I acquired an operating Tyco accessory, and wired that up so any member of the public could push the button should the layout find itself in an exhibition setting. There are more details further down in the article.

Mines of Xenon Layout

Mines of Xenon space-themed layout track plan wired up and ready to go

It may look simple, but the sidings and spurs actually provide for a fair bit of operational possibilities. As stated previously, the sidings will be hiding under a mountain with a mine on one end and a processing facility on the other. Trains will be parked in the tunnels and “hidden”, while the train on the other track shuttles the long way around the layout to the other side of the mountain. The train pulls in his siding and the roles are reversed.

I’ve also picked up an operating Tyco ore dump car and set. The car can be backed into place and tips over when a current is applied with a big red button! Throwing the switches that control the turnouts and power routing, shunting the various engines, and dumping ore should all provide interest and fun for the younger crowd. And that doesn’t even include the yet-to-come Turbo Train!

Finally, as evident in the photos, I’ve weathered the track (Nutmeg) and spray painted the ground with some ruddish earth tones. This was based on my results from the diorama testing. It breaks up the monotone and provides some visual texture, even if the terrain remains flat at this point. I’ve sketched in with yellow spray paint where the toxic waste pond and stream will go. I needed to know where to place the bridges, so this is a help. I think my layout photos are going to have a lot of orange in them!

Mines of Xenon model railroad

Mines of Xenon model railroad with diorama in the background

Up next I’ll ballast the freight track and start laying the track for the passenger commuter train, before moving on to engineering some ore cars, Mad Max style locomotives and vehicles.

 

Making Waves, Making Tracks

Posted: August 15, 2017 in Uncategorized
Mines of Xenon

Mines of Xenon space-themed model railroad layout

Progress update: The swamp on the diorama is just about done. Maybe one more coat. Also tried some test shots of the subterra passenger station. Some more detailing to do there.

Space Train

Space train pulls into sub-terra station on the way to take workers to the Xenon mine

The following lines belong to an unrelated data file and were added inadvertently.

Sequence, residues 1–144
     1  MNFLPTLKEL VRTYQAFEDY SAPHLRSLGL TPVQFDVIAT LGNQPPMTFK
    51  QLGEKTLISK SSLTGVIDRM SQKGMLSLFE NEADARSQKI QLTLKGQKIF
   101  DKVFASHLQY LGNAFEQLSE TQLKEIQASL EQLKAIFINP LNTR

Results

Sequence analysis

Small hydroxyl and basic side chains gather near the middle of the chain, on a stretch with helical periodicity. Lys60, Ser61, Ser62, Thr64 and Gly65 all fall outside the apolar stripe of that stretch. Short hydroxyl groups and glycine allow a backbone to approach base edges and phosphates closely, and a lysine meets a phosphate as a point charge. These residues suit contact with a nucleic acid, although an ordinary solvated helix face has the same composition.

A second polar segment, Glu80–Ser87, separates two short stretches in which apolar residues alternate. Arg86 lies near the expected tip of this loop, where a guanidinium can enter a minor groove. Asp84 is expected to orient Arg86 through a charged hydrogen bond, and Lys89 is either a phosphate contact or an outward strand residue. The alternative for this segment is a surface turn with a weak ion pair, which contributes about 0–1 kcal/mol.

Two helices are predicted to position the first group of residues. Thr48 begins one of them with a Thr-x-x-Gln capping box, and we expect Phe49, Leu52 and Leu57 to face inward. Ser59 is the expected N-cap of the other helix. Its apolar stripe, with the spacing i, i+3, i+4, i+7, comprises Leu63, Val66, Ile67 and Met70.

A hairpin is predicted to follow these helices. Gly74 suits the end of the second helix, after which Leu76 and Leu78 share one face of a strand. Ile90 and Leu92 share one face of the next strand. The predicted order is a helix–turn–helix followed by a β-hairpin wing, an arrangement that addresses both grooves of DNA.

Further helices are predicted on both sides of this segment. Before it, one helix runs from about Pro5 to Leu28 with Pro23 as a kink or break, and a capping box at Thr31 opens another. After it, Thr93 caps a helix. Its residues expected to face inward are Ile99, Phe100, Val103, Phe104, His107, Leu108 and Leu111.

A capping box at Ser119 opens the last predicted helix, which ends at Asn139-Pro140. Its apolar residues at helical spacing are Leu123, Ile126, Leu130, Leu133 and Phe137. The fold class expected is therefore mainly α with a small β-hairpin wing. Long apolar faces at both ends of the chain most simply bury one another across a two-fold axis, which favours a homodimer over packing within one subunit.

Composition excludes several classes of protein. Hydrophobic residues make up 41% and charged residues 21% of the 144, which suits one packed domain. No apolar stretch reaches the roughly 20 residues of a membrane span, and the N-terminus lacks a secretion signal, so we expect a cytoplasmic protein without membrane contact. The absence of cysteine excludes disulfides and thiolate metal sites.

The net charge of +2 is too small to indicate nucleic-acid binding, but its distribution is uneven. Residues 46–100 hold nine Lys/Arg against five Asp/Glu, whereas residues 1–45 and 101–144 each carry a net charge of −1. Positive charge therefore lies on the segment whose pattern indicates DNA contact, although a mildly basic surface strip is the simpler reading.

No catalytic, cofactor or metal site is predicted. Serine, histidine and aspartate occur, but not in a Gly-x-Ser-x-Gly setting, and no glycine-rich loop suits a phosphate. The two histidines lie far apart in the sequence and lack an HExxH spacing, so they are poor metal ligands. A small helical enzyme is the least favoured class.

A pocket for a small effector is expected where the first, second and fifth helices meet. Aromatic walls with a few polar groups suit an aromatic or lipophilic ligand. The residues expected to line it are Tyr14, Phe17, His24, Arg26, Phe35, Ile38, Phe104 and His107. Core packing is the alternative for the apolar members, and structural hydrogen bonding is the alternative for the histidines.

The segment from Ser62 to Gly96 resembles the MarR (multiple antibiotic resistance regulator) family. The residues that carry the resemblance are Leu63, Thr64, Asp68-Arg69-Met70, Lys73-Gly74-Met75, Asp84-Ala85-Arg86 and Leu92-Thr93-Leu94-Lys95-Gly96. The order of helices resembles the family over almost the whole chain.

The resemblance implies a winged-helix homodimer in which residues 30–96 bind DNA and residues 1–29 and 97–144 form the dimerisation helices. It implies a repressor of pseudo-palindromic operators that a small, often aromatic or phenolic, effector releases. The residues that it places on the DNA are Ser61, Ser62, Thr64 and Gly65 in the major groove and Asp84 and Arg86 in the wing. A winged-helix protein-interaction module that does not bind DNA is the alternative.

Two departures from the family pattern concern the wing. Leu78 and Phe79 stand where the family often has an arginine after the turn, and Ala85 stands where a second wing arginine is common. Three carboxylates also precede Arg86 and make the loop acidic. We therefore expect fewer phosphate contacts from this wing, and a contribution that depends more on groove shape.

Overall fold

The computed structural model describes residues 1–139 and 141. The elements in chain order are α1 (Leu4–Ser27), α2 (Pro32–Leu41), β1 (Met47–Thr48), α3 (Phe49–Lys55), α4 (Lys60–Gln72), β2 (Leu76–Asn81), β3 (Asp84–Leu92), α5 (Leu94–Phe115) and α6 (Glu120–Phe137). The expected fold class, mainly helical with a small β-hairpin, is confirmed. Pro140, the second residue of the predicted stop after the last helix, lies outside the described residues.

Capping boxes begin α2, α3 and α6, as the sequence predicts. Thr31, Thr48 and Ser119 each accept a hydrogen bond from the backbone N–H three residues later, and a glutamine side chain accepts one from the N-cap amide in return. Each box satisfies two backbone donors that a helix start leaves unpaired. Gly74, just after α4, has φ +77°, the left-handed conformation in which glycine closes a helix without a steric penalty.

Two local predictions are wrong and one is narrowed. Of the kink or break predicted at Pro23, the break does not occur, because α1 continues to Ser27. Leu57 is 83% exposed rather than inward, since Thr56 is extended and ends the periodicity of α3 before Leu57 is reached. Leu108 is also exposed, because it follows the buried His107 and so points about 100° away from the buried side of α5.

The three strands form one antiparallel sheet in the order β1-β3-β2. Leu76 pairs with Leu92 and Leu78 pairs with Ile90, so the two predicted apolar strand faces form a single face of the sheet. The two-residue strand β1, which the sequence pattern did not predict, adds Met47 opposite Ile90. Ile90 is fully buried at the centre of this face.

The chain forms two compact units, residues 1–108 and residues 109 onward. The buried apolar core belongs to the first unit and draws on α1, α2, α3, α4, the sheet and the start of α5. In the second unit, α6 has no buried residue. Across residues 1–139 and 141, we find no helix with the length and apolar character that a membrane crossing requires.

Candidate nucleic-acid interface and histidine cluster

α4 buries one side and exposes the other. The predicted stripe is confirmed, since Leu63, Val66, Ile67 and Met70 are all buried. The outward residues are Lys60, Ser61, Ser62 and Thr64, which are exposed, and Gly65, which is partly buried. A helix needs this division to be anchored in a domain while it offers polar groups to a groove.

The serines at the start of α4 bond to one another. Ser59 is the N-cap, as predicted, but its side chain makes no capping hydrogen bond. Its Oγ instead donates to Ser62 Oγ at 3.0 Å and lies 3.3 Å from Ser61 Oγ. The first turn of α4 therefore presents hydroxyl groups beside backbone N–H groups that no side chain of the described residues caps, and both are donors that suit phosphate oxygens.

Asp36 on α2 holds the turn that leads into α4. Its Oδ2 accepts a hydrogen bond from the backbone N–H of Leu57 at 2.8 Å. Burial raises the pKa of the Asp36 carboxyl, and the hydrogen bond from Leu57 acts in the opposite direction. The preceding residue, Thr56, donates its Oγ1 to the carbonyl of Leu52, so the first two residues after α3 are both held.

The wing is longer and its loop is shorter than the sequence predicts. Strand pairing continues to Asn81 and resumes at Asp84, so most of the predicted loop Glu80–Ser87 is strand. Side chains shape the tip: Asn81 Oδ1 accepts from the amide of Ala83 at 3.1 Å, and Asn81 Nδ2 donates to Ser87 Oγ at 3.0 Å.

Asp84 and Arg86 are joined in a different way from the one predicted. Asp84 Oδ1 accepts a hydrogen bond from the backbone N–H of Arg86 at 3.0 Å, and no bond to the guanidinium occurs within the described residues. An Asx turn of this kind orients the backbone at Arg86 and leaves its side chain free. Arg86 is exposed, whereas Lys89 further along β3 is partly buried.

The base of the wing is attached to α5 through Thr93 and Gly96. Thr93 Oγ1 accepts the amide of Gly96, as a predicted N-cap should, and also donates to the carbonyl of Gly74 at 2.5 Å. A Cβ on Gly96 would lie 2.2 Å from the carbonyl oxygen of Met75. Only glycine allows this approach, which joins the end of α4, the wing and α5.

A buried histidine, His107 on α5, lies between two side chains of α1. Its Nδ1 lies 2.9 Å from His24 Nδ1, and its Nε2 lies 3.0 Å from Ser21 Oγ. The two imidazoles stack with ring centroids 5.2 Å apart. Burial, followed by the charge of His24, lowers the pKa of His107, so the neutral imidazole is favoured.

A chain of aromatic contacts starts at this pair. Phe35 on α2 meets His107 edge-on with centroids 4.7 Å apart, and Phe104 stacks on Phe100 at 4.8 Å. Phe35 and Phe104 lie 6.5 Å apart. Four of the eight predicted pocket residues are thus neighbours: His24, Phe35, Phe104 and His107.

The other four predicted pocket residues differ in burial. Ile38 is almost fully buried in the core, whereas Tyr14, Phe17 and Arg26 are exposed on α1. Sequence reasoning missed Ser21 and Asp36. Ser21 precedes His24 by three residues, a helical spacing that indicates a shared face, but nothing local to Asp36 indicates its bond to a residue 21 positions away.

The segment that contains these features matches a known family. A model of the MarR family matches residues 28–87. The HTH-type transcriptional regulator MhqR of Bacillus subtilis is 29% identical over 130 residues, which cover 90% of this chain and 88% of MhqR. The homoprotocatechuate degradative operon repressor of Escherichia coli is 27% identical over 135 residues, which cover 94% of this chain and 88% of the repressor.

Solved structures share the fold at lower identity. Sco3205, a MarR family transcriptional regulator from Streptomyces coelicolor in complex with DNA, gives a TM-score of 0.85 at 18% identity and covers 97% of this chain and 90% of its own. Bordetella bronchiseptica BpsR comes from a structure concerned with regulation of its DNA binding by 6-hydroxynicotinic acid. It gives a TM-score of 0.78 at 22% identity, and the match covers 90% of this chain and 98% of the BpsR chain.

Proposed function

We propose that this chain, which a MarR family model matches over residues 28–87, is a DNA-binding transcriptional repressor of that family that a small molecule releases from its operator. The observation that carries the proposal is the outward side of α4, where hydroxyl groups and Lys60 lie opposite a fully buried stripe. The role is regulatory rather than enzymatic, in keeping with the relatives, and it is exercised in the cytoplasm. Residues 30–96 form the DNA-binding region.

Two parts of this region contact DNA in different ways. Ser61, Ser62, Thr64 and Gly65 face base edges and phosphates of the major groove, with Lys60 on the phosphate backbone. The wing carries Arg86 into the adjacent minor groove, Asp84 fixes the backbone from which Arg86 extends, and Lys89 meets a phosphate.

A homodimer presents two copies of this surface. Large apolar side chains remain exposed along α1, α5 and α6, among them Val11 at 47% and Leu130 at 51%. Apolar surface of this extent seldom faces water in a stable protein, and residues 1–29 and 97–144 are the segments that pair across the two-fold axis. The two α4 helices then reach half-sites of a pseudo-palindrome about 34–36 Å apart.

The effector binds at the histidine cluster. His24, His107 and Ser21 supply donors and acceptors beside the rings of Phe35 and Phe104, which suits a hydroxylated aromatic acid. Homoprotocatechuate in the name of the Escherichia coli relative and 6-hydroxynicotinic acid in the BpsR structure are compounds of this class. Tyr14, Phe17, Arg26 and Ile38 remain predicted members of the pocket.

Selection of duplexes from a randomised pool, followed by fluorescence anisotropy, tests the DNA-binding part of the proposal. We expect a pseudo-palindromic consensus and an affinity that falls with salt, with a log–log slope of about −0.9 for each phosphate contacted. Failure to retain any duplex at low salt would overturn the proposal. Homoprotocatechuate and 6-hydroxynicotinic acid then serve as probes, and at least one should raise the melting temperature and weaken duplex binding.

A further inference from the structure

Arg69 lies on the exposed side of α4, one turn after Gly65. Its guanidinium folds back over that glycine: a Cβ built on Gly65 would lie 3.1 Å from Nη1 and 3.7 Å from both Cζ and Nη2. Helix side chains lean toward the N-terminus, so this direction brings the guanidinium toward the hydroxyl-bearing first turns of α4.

Toxic waste on Mines of Xenon

Toxic waste on the Mines of Xenon model railroad layout

Nice progress on the main layout. For the first time since about 1988, I have a loop and can railfan and just watch trains run. I’ve got three DC electrical blocks wired up and pulled out some engines to see what would work. Quite surprised and found some gems in the rough. Well, they move at least! Got to figure out the shells and which motors to use.

Mines of Xenon model raiload layout

Mines of Xenon sci-fi model railroad layout

Also snagged some sci-fi models for scenery, which is exciting (no pics). A bit more trackwork to do, then weathering. The vision is starting to come together.

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Work has begun in earnest on filling the swamp. I had already coated the bottom with joint compound, sanded and painted it. Light green on the outside, blending to a black in the middle represent depth.

I had also fashioned a couple of industrial pipes from PVC and a prescription pill bottle and added toxic drainage. A how-to video by Wyloch can be see here: https://www.youtube.com/watch?v=S07hHjXgd60

Now it was time to add some detail to the area. I cut a dollar-store toy dinosaur in half for the “swamp monster” emerging from the pool of blech at the waterline. Paintbrush bristles and Noch static grass were glued in to represent whatever type of wild reed grows on Xenon 3. I also added part of toy dinosaur skeleton tail.

Next I poured the resin. About 20oz of both resin and hardener were enough to lay down a layer of about 1/4″ inch thick. I let it cure and harden at least 48 hours.

Next comes the magic. The resin dries incredibly clear. Every fault from the plaster and paint can be clearly seen.  The resin, as poured, needs some texture and color variation to get the light to play and bounce. This can be achieved by adding some acrylic paint to the resin pour, but it was too late for that now (note to self: add some color to the resin next time. Fluorescent or glow in the dark?)

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I remembered technique of making water of nothing but coats of Mod Podge by long time Model Railroader Magazine contributor Dave Frary. The effect is stunning and explained on Dave’s Youtube page here: https://www.youtube.com/watch?v=wnOE-qWhGVs

Even though the effect of building up the coast of Mod Podge is amazing, the bottom layer of paint also counts for a lot as well. Again, a lesson for the main layout, but now time to start laying down the layers. As the video states, blotching is key. Thicker layers are better, but tend to cause air bubbles, which destroy the effect.

This is a fun task where you can get a little help from your assistant. You can do at least 1 coat a day, two for the thinner ones.

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On the backside of the diorama, which is the underground sub station, I started placing in the various elements, The platform and bulkhead are basically finished. I tested coloring the ties white to differentiate the passenger line. I made some other pieces out of sci fi gaming textures from the Internet. I still need to add some details to get a grungy, sci-fi, post apocalyptic feel, as well as a futuristic train or locomotive, low level lighting, and passengers on the platform.

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Over on the main layout, it is time to start laying track. I have put in place the cornerstone pieces (basically the switches) which will key the placement of the rest of the track. There will 5 electrical blocks (standard DC block wiring), so I mocked in some curves and identified where the feeders will need to be.